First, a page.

Nonfiction > Henry Craik, ed. > English Prose > Vol. V. Nineteenth Century
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Henry Craik, ed.  English Prose.  1916.
Vol. V. Nineteenth Century
 
Eutrapelia
By Matthew Arnold (1822–1888)
 
From A Speech at Eton

THE WORD I will take is the word Eutrapelos, Eutrapelia. Let us consider it first as it occurs in the famous Funeral Oration put by Thucydides into the mouth of Pericles. The word stands there for one of the chief of those qualities which have made Athens, says Pericles, “the school of Greece”; for a quality by which Athens is eminently representative of what is called Hellenism: the quality of flexibility. “A happy and gracious flexibility,” Pericles calls this quality of the Athenians, and it is no doubt a charming gift. Lucidity of thought, clearness and propriety of language, freedom from prejudice and freedom from stiffness, openness of mind, amiability of manners, all these seem to go along with a certain happy flexibility of nature, and to depend upon it. Nor does this suppleness and flexibility of nature at all necessarily imply, as we English are apt to suppose, a relaxed moral fibre and weakness. In the Athenian of the best time it did not. “In the Athenians,” says Professor Curtius, “the sense of energy abhorred every kind of waste of time, their sense of measure abhorred bombast and redundancy, and their clear intelligence everything partaking of obscurity or vagueness; it was their habit in all things to advance directly and resolutely to the goal. Their dialect is characterised by a superior seriousness, manliness, and vigour of language.”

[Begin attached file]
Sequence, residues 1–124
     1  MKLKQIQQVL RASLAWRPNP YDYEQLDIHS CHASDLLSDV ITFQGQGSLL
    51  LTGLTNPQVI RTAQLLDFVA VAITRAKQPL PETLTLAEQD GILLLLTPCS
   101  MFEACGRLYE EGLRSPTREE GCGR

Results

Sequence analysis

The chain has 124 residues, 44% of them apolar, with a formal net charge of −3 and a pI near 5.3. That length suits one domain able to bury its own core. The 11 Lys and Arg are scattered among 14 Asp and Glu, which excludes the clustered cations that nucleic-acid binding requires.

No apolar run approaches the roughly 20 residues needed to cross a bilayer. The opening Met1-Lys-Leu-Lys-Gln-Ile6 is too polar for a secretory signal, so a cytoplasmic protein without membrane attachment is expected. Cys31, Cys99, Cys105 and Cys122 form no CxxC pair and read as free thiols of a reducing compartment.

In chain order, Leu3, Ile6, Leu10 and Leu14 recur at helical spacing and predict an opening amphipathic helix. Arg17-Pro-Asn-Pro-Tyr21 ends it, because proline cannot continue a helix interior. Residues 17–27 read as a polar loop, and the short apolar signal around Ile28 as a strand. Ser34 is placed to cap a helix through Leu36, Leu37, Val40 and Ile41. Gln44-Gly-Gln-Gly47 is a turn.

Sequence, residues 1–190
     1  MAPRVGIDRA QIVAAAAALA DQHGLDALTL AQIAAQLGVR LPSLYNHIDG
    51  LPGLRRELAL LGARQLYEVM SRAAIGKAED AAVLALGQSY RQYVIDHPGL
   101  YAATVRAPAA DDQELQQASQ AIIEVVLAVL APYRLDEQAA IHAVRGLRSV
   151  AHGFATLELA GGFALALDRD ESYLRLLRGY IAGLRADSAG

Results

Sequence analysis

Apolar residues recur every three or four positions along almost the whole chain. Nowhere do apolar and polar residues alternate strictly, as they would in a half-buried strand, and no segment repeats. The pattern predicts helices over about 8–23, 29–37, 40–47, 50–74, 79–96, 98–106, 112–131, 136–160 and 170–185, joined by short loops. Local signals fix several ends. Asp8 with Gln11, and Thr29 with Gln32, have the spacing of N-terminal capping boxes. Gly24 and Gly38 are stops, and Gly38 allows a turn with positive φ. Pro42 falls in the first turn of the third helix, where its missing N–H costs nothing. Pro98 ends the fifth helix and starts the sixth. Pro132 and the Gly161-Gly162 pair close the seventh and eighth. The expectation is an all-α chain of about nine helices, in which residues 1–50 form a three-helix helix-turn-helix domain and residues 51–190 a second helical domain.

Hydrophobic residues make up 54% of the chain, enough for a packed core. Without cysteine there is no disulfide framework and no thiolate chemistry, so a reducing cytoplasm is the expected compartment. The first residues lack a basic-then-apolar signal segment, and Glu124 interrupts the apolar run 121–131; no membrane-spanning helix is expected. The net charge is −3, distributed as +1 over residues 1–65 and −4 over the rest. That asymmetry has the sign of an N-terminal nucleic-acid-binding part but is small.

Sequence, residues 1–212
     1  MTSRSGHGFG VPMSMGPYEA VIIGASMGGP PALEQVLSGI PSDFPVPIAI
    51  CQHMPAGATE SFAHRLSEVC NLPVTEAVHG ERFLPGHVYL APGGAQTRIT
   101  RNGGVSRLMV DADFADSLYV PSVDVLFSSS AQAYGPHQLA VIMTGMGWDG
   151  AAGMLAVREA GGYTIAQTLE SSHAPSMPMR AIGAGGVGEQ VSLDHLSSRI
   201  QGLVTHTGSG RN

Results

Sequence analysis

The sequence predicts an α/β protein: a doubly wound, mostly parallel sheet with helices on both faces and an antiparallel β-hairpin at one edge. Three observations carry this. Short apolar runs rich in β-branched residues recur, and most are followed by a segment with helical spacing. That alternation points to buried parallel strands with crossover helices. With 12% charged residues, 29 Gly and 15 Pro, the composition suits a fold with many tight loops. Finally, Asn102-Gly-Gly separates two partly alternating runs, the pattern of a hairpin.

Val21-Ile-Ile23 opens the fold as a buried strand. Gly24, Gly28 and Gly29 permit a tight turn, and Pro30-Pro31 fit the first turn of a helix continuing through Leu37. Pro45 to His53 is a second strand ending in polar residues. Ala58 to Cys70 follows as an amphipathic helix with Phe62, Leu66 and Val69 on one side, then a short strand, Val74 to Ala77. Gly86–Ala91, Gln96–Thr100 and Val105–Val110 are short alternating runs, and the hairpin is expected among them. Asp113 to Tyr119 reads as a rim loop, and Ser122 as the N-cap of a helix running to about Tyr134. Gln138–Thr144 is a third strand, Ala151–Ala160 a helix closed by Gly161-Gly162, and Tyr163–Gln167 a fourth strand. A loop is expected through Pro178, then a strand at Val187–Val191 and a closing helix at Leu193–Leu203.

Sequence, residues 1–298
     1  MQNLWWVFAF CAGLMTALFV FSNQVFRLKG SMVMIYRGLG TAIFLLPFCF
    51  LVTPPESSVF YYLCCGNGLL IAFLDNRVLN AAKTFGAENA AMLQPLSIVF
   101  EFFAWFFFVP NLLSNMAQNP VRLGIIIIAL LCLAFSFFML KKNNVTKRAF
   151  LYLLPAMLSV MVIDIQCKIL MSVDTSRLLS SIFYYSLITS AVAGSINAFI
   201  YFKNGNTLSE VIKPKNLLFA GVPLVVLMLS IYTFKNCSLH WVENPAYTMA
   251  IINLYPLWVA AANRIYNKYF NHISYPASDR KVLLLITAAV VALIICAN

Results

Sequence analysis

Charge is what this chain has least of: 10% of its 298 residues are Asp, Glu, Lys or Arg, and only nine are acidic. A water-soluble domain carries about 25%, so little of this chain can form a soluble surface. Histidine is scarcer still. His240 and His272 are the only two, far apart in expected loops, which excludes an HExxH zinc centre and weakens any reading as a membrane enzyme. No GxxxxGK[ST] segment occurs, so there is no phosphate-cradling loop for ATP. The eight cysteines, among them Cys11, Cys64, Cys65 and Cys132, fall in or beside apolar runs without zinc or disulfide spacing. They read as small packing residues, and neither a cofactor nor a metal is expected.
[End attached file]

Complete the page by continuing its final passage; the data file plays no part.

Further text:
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  There is no sign of relaxation of moral fibre here; and yet, at the same time, the Athenians were eminent for a happy and gracious flexibility. That quality, as we all know, is not a characteristic quality of the Germanic nations, to which we ourselves belong. Men are educable, and when we read of the abhorrence of the Attic mind for redundancy and obscurity of expression, its love for direct and telling speech, and then think of modern German, we may say with satisfaction that the circumstances of our life have at any rate educated us into the use of straightforward and vigorous forms of language. But they have not educated us into flexibility. All around us we may observe proofs of it. The state of Ireland is a proof of it. We are rivals with Russia in Central Asia, and at this moment it is particularly interesting to note, how the want of just this one Athenian quality of flexibility seems to tell against us in our Asiatic rivalry with Russia. “Russia,” observes one who is perhaps the first of living geographers,—an Austrian, Herr von Hellwald,—“possesses far more shrewdness, flexibility, and congeniality than England; qualities adapted to make the Asiatic more tractable.” And again: “there can be no dispute which of the two, England or Russia, is the more civilised nation. But it is just as certain that the highly civilised English understand but indifferently how to raise their Asiatic subjects to their own standard of civilisation; whilst the Russians attain, with their much lower standard of civilisation, far greater results amongst the Asiatic tribes, whom they know how to assimilate in the most remarkable manner. Of course they can only bring them to the same level which they have reached themselves; but the little which they can and do communicate to them counts actually for much more than the great boons which the English do not know how to impart. Under the auspices of Russia the advance in civilisation amongst the Asiatics is indeed slow and inconsiderable, but steady, and suitable to their natural capacities and the disposition of their race. On the other hand, they remain indifferent to British civilisation, which is absolutely incomprehensible to them.”  2